Additional Resources

Fullmetal Alchemist is streaming on Netflix.

Amy Frantz is a Brave Writer alum. When not over-analyzing Star Wars, she spent much of her teens building a rather large manga collection.

Movie Discussion Club

Hispanic Heritage Month

Celebrating Hispanic Heritage Month

From September 15th to October 15th is National Hispanic Heritage Month in the United States.

“Each year, Americans observe National Hispanic Heritage Month from September 15 to October 15, by celebrating the histories, cultures and contributions of American citizens whose ancestors came from Spain, Mexico, the Caribbean and Central and South America. The observation started in 1968 as Hispanic Heritage Week under President Lyndon Johnson and was expanded by President Ronald Reagan in 1988 to cover a 30-day period starting on September 15 and ending on October 15. It was enacted into law on August 17, 1988, on the approval of Public Law 100-402.” –From the Hispanic Heritage Month about page

Here at Brave Writer we would like to direct you to some products and resources for Hispanic Heritage Month.

[This post contains Amazon affiliate links. When you click on those links to make purchases,
Brave Writer receives compensation at no extra cost to you. Thank you!]

Esperanza Rising Arrow

Esperanza thought she’d always live with her family on their ranch in Mexico–she’d always have fancy dresses, a beautiful home, and servants. But a sudden tragedy forces Esperanza and Mama to flee to California during the Great Depression, and to settle in a camp for Mexican farm workers. Esperanza isn’t ready for the hard labor, financial struggles, or lack of acceptance she now faces. When their new life is threatened, Esperanza must find a way to rise above her difficult circumstances–Mama’s life, and her own, depend on it.—Amazon (purchase the book here)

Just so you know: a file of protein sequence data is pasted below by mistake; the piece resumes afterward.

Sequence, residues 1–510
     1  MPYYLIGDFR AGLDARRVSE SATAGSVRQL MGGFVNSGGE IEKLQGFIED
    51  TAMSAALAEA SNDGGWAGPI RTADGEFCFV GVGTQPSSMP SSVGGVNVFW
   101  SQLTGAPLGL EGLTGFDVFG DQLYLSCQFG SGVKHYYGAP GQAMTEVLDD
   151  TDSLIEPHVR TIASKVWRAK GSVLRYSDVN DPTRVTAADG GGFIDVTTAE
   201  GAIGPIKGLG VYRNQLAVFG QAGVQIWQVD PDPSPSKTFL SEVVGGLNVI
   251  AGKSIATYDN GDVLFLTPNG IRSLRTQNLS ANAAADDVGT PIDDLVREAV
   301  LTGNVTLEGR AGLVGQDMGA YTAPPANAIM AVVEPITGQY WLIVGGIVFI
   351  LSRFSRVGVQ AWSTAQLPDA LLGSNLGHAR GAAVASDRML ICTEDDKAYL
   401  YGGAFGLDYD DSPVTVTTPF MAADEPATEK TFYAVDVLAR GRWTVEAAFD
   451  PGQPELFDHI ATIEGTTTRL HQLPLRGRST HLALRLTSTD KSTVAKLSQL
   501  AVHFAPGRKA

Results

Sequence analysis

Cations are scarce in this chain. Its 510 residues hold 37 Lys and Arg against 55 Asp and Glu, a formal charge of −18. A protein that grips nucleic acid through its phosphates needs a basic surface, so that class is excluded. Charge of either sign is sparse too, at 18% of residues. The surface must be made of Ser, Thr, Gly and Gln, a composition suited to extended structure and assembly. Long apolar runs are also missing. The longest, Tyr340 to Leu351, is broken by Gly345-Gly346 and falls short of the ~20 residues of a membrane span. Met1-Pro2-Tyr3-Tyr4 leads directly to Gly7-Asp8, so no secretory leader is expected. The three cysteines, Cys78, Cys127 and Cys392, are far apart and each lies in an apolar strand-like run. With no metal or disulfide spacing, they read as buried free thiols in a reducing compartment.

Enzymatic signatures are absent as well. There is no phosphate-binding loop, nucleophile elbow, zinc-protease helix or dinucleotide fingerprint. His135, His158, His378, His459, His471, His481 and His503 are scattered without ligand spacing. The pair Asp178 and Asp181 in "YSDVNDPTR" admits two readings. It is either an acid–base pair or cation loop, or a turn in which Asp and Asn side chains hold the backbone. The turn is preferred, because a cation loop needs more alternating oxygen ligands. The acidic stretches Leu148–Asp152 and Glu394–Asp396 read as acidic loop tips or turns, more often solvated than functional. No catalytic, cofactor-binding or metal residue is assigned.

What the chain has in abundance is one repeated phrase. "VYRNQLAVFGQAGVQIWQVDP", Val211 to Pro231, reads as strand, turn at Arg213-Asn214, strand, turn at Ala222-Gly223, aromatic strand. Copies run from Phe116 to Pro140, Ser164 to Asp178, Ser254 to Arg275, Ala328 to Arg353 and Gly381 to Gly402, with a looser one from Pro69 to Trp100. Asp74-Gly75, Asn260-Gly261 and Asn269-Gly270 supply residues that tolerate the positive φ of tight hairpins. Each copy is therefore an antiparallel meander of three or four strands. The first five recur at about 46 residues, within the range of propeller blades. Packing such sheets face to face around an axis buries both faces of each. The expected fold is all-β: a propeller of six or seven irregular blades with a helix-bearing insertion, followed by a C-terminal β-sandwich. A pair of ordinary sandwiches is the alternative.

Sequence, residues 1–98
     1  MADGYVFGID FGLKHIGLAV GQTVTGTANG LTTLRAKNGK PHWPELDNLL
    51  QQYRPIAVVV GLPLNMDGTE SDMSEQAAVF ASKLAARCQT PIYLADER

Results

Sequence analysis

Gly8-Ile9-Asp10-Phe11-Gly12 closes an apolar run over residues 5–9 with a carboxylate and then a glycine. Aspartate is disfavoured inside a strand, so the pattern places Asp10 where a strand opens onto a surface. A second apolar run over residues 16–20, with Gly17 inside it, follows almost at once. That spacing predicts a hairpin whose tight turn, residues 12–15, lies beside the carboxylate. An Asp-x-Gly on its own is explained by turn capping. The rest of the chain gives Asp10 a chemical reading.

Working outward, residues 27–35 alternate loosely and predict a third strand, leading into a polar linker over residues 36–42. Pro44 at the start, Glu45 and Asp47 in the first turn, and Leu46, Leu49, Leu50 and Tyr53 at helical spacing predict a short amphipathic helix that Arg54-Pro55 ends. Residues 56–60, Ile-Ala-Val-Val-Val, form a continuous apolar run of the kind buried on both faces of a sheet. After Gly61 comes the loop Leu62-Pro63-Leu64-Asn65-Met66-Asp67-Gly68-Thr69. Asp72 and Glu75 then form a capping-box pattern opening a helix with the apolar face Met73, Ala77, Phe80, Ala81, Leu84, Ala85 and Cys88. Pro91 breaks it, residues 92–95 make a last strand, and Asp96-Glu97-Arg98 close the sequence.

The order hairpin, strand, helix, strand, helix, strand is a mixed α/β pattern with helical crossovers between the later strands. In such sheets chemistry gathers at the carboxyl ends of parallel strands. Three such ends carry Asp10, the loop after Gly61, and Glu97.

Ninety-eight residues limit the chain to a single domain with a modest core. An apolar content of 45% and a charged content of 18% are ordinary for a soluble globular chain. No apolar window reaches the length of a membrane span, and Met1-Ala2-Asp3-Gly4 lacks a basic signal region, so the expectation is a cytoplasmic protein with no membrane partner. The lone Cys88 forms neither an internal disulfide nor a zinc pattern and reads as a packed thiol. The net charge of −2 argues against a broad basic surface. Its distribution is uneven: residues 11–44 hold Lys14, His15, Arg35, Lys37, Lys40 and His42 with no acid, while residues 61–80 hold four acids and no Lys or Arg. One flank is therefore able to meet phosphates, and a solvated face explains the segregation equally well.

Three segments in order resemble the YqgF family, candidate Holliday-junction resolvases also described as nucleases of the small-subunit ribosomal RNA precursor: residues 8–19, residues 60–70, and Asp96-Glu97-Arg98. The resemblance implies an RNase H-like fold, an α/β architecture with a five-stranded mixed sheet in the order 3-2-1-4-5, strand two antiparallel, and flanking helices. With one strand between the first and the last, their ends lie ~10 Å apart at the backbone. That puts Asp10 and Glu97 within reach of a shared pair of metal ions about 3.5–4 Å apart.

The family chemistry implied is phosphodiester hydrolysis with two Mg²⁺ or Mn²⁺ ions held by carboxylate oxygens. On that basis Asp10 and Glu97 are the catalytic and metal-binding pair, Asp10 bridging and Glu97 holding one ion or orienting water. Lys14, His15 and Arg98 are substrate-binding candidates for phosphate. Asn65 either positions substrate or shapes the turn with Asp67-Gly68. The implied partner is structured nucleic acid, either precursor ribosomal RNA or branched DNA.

The Arrow is the monthly digital product that features copywork and dictation passages from a specific read aloud novel (you purchase or obtain the novels yourself). It’s geared toward children ages 8-11 and is an indispensable tool for parents who want to teach language arts in a natural, literature-bathed context.

Movie Night Suggestion: Coco

Miguel comes from a family of shoemakers and in the Rivera household there is absolutely no music allowed. Miguel’s great-great-grandmother’s husband abandoned the family many years before to pursue music and ever since then the family has forbade music on principle. But Miguel dreams of one day becoming a renowned musician. His idol is the famous Ernesto de la Cruz, who was a popular singer before his untimely death. And now it seems like it’s Miguel’s lucky break. During the Day of the Dead holiday there will be a music contest and Miguel hopes to enter. But magic is in the air, and when Miguel’s plan goes wrong, he finds himself in the Land of the Dead! Now Miguel must find his musician great-great-grandfather to receive his blessing and transport Miguel back to the living before sunrise or he will remain among his deceased ancestors forever!

Learn more about the film (includes discussion questions) here.

Poetry Teatime!

Here is a list of bilingual English-Spanish poetry books perfect for Poetry Teatime!

For more Poetry Teatime ideas for Hispanic Heritage Month, check out our post on the official Poetry Teatime website.